Manila Vanilla

What it's like to be a U.S. Fulbright scholar, basketball player, journalist, and the whitest man in Metro Manila.

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Location: Quezon City, Metro Manila, Philippines

New Yorker by birth, shipped across the globe to the world of malls, shanty-towns, patronage, corruption, basketball and a curious burnt-toast smell that wafts around at dusk

Sunday, March 01, 2009

More Pacman silliness

Writing about Manny Pacquiao time after time feels profoundly unoriginal, but unfortunately the Pacman just keeps doing funny and interesting stuff. He may be the pound-for-pound king of boxing, but even outside the ring the quirks of his personal life stack up against any other celebrity. In fact, although Pacquiao is probably my favorite boxer, I think I might be an even bigger fan of his extracurricular hijinks, which include playing for his Liga Pilipinas basketball team, running for political office and recording monster ballads.

What do you mean Princeton doesn't have a cockfight pit?

Now, we can add framing a Ph.D. to hang next to the Santo Niño in his living room. Last week, Manny Pacquiao, world lightweight champion, became Dr. Emmanuel D. Pacquiao when Southwestern University in Cebu gave him an honorary doctorate in the humanities. This is certainly a little goofy, but not the travesty some bloggers have made it out to be. I don't think awarding Manny an honorary degree that he hasn't come close to earning (in an academic sense, at least) spells doom for Philippine higher education.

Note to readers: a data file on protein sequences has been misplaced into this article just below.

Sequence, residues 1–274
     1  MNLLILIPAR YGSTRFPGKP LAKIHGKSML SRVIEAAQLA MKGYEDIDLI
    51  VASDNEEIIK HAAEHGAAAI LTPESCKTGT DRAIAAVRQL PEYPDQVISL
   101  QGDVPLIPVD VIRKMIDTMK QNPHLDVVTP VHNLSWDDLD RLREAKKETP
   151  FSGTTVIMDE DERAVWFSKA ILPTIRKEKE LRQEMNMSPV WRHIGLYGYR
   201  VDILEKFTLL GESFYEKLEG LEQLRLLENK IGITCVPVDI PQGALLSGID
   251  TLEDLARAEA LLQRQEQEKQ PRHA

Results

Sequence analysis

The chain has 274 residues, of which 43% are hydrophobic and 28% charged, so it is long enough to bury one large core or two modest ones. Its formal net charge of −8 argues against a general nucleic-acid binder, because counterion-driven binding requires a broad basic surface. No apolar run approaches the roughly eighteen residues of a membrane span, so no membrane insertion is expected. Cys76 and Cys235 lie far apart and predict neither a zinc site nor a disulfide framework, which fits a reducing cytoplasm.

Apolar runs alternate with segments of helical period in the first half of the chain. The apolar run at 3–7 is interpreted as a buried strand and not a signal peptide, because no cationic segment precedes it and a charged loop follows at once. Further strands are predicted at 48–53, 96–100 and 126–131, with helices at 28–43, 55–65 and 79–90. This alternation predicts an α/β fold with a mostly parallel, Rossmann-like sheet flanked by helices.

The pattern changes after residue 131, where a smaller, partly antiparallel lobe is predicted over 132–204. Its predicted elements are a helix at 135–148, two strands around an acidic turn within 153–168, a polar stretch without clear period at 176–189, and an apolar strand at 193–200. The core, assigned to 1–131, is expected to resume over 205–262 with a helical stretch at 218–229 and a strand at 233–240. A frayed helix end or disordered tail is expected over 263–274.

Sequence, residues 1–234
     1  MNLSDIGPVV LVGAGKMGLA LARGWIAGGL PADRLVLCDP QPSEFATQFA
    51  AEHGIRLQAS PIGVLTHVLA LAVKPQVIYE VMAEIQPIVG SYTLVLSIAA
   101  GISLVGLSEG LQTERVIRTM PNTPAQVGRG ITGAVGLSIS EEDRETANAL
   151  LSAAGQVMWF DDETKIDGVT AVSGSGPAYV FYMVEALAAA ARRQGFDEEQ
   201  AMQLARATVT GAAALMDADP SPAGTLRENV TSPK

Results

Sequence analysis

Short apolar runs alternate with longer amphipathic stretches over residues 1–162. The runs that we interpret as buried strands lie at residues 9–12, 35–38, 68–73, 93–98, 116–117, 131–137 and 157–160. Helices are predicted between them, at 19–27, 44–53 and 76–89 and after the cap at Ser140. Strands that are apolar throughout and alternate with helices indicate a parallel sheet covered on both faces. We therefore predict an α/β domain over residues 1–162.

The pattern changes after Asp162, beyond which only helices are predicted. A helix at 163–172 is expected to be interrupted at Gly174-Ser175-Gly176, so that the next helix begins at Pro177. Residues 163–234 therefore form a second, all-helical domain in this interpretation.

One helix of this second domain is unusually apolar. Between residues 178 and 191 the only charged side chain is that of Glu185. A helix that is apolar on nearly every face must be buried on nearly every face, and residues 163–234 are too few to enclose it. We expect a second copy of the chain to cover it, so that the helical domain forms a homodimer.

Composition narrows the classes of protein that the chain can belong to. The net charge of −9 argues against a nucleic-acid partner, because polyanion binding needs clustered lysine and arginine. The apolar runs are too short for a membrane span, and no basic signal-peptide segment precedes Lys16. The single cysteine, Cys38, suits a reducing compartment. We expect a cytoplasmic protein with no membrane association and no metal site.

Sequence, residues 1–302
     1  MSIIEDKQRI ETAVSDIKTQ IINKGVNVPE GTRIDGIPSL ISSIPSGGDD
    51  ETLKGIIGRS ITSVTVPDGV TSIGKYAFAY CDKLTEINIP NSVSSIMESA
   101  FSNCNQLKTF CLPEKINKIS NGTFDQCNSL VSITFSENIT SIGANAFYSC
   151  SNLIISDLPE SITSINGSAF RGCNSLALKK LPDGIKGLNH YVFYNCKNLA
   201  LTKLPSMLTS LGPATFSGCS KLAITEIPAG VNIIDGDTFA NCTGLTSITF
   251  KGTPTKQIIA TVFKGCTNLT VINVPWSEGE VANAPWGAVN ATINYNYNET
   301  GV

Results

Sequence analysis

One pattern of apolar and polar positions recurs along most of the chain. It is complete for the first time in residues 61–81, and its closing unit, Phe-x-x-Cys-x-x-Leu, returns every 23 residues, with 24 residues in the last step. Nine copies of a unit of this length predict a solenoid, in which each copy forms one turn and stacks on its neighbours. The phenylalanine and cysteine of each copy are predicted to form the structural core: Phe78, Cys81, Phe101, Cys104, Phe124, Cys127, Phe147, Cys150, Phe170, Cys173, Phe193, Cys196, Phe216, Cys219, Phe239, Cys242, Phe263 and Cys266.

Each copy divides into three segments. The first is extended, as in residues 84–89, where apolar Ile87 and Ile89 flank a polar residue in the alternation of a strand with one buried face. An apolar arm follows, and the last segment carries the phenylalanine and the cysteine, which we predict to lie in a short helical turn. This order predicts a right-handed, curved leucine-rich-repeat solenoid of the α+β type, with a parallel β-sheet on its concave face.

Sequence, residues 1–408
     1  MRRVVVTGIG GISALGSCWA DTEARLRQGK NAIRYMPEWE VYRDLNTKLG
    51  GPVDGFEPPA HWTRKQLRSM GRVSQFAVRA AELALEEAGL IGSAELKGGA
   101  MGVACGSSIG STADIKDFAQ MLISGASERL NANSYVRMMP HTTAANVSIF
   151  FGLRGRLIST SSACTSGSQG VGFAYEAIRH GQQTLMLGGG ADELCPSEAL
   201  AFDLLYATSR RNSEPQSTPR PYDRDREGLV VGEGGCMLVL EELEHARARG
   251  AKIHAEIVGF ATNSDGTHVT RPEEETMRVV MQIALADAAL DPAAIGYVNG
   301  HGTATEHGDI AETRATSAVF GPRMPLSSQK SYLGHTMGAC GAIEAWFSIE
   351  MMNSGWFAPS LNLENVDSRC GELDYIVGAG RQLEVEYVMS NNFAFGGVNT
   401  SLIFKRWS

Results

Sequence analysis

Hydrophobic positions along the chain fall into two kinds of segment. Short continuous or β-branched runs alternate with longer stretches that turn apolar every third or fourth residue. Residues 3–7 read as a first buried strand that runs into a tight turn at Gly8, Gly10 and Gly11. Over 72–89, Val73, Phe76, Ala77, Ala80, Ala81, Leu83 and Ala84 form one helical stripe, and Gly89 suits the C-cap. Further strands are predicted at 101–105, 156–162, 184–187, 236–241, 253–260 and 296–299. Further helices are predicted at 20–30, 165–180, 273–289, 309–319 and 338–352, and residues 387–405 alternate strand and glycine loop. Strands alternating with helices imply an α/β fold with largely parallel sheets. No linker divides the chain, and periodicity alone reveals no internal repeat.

Besides, what other prominent Filipinos receive honorary documents? Politicians, businessmen, taipans and generals, probably, and have they really done more for the country than Pacquiao? Disgraced ex-president Joseph "Erap" Estrada received one from Ateneo. The long "public service" careers of politicians would be more aptly described as "public bilking." Philippine tycoons have to get their hands dirty to make and maintain their fortunes. Shadows of human rights abuses loom over any military man. People from all these sectors have also done good things for the country, but I want to emphasize that the troubles of Philippine society compromise the ethics of any person in a position of power, and we'd be overlooking a very messy, complicated system of moral compromises and lesser evils to just say that they are better people than Pacquiao, a superstar athlete without much formal education. At least Pacman has provided a decade of uplifting beatdowns of Mexican boxers, that have united and delighted the nation. When he gets into congress in 2010, he can complete the circle and become the pound-for-pound king of government graft.

We should also point out that bestowing dubious honorary degrees upon boxers is not a Filipino invention. Here in the United States, Muhammad Ali, George Foreman and, you guessed it, "Iron" Mike Tyson have all received honorary doctorates. Pacquiao will have to work really hard to distinguish himself as the least deserving member of that group. Of course, with the possibility of a long career in politics awaiting him, Pacquiao has a chance to do that! Kayang-kaya mo, Manny! 


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